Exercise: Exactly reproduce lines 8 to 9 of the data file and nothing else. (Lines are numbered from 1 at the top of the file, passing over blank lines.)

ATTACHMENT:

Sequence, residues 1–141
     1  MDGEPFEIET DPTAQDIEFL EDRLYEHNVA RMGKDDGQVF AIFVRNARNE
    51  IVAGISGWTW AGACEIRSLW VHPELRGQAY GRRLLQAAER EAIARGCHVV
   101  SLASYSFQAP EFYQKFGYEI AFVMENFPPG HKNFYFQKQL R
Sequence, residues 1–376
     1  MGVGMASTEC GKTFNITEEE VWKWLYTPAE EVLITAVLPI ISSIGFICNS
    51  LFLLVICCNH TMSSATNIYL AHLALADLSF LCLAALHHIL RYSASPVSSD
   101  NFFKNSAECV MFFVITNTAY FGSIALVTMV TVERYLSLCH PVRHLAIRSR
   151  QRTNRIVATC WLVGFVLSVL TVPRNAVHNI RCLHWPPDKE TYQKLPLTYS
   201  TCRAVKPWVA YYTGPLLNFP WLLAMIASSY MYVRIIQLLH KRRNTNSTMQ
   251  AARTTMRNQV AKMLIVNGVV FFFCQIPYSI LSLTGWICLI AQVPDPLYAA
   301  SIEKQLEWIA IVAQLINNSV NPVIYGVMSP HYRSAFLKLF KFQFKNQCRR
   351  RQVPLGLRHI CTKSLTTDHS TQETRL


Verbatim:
   101  NFFKNSAECV MFFVITNTAY FGSIALVTMV TVERYLSLCH PVRHLAIRSR
   151  QRTNRIVATC WLVGFVLSVL TVPRNAVHNI RCLHWPPDKE TYQKLPLTYS